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The civic focus of Dunalley Primary School’s building plans is reflected in the new Community Kitchen, which was the first of the permanent construction projects to begin at the once bushfire-ravaged site.
Elizabeth Knox, Chair of the Dunalley School Association, said the most exciting aspect of the design of the new school is that the facilities will be shared with the wider community. For instance the commercial kitchen, located within the school gym, will not only enhance the experiences of students but also provide modern facilities for community functions and small business enterprises.
Building work on the Community Kitchen began late 2013 and should be completed in March 2014. The construction of the rest of the school is due to start this Spring and is expected to take 12 months to complete.
“The plan for the rebuild has been a great collaboration between the School Association, the School, the Department of Education, and the architect, Mark Dunbabin,” Elizabeth said. “Our focus has been on designing a school specifically for rural education, but one that also has a strong community element.
“The new design will also make us one of the first Tasmanian schools to achieve a five-star Green Star rating through the Green Building Council of Australia. This rating assesses the project against a broad range of environmental criteria, and considers factors such as its energy consumption through materials used in construction and operation, natural daylight, indoor air quality, water recycling, and land use.”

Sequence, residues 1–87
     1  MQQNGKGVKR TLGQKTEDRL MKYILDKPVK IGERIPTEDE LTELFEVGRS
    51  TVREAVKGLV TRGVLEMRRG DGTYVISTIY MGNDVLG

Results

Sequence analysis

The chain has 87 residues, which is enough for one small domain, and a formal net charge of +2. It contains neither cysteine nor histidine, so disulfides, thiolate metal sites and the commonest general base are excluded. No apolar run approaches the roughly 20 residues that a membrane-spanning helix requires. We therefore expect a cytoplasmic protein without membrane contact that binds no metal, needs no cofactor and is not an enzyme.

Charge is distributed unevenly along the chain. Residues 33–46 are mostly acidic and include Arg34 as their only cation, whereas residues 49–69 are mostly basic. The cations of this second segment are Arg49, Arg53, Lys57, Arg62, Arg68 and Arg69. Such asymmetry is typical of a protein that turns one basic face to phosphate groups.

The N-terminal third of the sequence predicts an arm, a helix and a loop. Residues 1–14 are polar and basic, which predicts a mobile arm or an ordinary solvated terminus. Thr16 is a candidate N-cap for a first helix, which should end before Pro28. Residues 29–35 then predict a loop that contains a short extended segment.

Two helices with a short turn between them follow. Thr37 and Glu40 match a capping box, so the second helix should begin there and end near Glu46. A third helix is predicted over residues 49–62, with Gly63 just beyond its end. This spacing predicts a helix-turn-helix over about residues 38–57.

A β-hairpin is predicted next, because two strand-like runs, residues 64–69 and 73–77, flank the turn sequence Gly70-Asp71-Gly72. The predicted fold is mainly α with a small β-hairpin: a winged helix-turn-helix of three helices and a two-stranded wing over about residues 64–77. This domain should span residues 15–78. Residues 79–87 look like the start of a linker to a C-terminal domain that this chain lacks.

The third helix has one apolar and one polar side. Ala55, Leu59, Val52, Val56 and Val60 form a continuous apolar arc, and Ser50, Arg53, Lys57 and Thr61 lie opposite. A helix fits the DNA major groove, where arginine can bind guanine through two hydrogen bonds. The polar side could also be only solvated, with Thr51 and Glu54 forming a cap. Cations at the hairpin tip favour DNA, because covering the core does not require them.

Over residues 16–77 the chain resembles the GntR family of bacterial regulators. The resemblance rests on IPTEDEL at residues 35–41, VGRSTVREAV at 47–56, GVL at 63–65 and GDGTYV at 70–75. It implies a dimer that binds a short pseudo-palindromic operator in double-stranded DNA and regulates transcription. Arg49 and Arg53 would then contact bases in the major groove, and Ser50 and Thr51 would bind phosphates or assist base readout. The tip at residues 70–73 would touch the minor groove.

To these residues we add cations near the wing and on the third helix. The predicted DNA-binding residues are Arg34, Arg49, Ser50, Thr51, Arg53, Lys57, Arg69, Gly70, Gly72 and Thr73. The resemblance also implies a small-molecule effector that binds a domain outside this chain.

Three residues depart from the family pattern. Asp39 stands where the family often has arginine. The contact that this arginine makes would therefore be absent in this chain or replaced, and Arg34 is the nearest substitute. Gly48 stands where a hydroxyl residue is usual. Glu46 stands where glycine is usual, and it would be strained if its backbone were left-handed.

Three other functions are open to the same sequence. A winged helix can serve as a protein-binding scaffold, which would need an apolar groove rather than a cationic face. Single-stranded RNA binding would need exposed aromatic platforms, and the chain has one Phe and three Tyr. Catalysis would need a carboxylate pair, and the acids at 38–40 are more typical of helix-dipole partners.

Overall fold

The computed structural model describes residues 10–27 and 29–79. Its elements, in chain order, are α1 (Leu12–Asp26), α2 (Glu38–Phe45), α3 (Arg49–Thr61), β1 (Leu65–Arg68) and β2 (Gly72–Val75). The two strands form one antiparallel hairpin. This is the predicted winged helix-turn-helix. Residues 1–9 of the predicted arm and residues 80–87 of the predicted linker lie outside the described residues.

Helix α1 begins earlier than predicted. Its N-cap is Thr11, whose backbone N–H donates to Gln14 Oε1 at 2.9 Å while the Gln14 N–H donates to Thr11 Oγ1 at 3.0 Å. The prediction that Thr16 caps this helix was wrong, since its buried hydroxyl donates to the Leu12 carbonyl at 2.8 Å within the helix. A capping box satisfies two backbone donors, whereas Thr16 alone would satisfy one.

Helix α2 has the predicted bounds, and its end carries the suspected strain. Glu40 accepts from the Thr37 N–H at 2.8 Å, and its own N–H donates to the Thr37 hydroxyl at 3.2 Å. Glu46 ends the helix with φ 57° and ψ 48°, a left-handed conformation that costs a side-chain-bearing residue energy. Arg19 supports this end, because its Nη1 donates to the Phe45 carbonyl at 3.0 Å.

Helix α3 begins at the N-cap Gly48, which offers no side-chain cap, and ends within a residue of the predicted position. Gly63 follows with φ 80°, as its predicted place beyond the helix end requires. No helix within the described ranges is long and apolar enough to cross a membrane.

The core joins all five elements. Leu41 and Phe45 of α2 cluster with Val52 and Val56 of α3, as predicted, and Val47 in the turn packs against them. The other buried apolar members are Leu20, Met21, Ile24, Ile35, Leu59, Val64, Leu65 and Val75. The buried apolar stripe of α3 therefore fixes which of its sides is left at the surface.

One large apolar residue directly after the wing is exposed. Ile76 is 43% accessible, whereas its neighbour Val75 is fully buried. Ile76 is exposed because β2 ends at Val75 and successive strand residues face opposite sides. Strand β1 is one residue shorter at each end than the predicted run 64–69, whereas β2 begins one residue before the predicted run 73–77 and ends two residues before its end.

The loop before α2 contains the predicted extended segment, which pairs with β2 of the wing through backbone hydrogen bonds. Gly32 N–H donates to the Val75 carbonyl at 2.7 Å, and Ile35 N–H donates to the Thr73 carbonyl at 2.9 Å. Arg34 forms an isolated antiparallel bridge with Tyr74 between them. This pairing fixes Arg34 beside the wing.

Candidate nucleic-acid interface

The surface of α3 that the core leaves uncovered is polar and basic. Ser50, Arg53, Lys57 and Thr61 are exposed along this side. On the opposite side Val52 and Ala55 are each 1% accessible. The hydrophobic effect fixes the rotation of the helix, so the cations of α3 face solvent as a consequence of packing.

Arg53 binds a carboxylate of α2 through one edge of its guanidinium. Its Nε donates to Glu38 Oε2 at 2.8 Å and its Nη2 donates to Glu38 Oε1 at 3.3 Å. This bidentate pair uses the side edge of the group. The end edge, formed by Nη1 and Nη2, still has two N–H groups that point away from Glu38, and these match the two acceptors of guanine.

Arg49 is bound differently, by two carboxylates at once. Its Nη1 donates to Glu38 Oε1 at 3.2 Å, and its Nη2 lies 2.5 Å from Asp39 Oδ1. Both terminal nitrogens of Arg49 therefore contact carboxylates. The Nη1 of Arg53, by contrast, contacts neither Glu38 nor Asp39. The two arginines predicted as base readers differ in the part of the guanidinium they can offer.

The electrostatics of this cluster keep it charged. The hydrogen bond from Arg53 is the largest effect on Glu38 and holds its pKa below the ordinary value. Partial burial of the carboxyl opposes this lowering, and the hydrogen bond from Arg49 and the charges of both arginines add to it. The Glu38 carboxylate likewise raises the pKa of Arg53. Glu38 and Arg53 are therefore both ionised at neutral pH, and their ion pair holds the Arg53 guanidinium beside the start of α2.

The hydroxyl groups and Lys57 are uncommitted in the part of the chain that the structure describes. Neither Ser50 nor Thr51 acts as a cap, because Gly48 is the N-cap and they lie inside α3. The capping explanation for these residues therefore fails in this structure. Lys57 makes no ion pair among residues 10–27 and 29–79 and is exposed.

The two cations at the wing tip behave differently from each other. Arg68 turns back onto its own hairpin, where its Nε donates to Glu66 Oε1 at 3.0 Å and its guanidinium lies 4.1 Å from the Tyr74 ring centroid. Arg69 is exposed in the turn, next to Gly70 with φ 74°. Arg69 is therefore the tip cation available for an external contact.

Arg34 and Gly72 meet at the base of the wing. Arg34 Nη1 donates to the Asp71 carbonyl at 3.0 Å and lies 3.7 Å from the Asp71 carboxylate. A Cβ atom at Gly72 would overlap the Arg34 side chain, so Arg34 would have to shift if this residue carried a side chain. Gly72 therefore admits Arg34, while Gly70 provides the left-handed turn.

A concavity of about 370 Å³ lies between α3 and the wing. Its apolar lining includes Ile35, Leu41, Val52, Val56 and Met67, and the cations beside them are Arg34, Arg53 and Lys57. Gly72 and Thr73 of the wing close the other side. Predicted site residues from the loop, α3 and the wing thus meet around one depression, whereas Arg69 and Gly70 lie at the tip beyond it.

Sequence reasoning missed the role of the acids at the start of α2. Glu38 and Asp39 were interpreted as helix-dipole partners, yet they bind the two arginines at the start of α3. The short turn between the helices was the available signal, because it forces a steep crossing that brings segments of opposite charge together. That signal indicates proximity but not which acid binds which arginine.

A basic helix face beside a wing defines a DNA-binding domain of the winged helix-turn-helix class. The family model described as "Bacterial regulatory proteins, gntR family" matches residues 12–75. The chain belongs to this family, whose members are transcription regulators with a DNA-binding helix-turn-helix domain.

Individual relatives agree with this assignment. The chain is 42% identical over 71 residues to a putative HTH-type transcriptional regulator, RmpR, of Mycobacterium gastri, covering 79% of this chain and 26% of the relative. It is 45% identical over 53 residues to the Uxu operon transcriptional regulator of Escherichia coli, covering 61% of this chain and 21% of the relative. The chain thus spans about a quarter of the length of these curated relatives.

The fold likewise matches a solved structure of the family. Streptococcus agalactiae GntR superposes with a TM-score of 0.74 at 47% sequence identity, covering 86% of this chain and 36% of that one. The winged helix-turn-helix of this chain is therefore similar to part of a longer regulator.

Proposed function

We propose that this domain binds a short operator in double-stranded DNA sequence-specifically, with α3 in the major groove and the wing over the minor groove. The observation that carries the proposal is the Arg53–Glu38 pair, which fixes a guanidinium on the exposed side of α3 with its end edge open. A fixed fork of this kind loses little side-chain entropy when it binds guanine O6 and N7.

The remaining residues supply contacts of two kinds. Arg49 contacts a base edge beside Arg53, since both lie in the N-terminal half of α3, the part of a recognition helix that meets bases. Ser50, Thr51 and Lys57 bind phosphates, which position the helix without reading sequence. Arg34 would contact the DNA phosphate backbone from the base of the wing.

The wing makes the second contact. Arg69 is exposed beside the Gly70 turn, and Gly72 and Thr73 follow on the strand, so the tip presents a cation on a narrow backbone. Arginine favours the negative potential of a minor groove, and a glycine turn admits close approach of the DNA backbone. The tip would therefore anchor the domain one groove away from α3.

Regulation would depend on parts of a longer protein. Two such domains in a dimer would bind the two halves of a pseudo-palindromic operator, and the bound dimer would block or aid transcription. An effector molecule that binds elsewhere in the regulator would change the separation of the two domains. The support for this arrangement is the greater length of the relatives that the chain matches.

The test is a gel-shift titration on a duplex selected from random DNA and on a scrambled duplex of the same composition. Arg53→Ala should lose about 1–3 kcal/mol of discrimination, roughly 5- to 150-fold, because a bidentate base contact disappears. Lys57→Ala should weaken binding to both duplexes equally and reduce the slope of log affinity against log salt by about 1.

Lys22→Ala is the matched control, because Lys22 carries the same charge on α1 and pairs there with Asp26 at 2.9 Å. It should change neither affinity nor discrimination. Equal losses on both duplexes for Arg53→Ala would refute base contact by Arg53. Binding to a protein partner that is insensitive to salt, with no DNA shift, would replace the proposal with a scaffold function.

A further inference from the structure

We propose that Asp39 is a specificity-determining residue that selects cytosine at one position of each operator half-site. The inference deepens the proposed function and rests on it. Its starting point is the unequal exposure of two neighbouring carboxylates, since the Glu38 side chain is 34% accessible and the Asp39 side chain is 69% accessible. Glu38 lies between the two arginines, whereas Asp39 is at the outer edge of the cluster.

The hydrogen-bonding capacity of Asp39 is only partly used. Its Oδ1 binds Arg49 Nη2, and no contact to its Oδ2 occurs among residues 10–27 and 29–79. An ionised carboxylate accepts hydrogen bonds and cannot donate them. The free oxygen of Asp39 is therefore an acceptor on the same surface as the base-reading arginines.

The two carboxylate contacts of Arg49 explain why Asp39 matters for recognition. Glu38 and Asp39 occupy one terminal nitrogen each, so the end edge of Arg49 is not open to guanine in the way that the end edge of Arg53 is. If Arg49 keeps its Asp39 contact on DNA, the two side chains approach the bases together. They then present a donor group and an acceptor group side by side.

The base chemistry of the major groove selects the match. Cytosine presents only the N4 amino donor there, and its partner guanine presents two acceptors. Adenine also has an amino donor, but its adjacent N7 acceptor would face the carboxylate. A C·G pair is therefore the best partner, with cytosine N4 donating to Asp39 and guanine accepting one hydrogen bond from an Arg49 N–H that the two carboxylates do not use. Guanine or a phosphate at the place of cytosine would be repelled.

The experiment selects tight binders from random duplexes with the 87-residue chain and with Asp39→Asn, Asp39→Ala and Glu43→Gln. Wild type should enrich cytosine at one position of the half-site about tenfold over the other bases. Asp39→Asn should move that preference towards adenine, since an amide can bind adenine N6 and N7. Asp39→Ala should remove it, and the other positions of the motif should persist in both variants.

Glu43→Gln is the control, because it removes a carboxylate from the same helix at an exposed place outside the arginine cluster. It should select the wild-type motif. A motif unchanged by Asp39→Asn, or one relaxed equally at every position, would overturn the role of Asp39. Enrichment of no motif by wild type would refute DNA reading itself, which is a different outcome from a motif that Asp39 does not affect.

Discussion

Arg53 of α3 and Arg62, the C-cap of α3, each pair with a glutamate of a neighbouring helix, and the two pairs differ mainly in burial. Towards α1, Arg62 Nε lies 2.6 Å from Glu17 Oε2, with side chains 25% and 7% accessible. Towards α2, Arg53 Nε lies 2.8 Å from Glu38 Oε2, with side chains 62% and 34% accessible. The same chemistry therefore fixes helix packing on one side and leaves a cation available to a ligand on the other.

Only 40 days after the January 2013 bushfires levelled the site, Dunalley Primary School opened its gates to a temporary school for 130 students. This mammoth effort by locals, teaching staff, the Department of Education and construction crews became a powerful symbol of a community that refused to be broken.
Elizabeth said the community’s sense of optimism and security was further enhanced by the speed of the State Government’s commitment to rebuild.
“There was a need to bring things together for the children and to alleviate their concerns by returning their school to normal, as much as possible,” she said.
“The redevelopment of the school has also been a chance for the children to be part of the future, and for them to feel the level of support that our community received. They’ve very much been part of the new school design by presenting the design team with ideas and thoughts about what is important for them in their learning journey. That has given them permission to get excited about the future.
“Quite frankly the last year from January 5 onwards, to me, has been amazing. We’ve seen our community pull together as we recognised our love of this place we call home, and it has resulted in many new and strengthened friendships. In many respects, as we accept the losses brought about by the fires, we are able to embrace the opportunities that have been presented to us. That in itself is an important and powerful part of our recovery.”